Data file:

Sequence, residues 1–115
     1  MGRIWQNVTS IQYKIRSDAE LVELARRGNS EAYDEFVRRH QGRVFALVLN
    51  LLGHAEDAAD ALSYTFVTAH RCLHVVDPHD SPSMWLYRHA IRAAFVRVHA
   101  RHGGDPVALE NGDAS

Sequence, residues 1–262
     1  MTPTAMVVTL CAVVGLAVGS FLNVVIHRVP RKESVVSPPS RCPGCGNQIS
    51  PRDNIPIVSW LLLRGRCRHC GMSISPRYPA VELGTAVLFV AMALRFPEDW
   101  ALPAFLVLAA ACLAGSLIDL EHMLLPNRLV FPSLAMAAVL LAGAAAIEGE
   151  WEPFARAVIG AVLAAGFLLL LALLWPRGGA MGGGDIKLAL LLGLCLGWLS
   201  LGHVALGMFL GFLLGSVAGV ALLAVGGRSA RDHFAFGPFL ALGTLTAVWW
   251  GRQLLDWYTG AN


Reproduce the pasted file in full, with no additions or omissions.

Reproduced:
Sequence, residues 1–115
     1  MGRIWQNVTS IQYKIRSDAE LVELARRGNS EAYDEFVRRH QGRVFALVLN
    51  LLGHAEDAAD ALSYTFVTAH RCLHVVDPHD SPSMWLYRHA IRAAFVRVHA
   101  RHGGDPVALE NGDAS

Sequence, residues 1–262
     1  MTPTAMVVTL CAVVGLAVGS FLNVVIHRVP RKESVVSPPS RCPGCGNQIS
    51  PRDNIPIVSW LLLRGRCRHC GMSISPRYPA VELGTAVLFV AMALRFPEDW
   101  ALPAFLVLAA ACLAGSLIDL EHMLLPNRLV FPSLAMAAVL LAGAAAIEGE
   151  WEPFARAVIG AVLAAGFLLL LALLWPRGGA MGGGDIKLAL LLGLCLGWLS
   201  LGHVALGMFL GFLLGSVAGV ALLAVGGRSA RDHFAFGPFL ALGTLTAVWW
   251  GRQLLDWYTG AN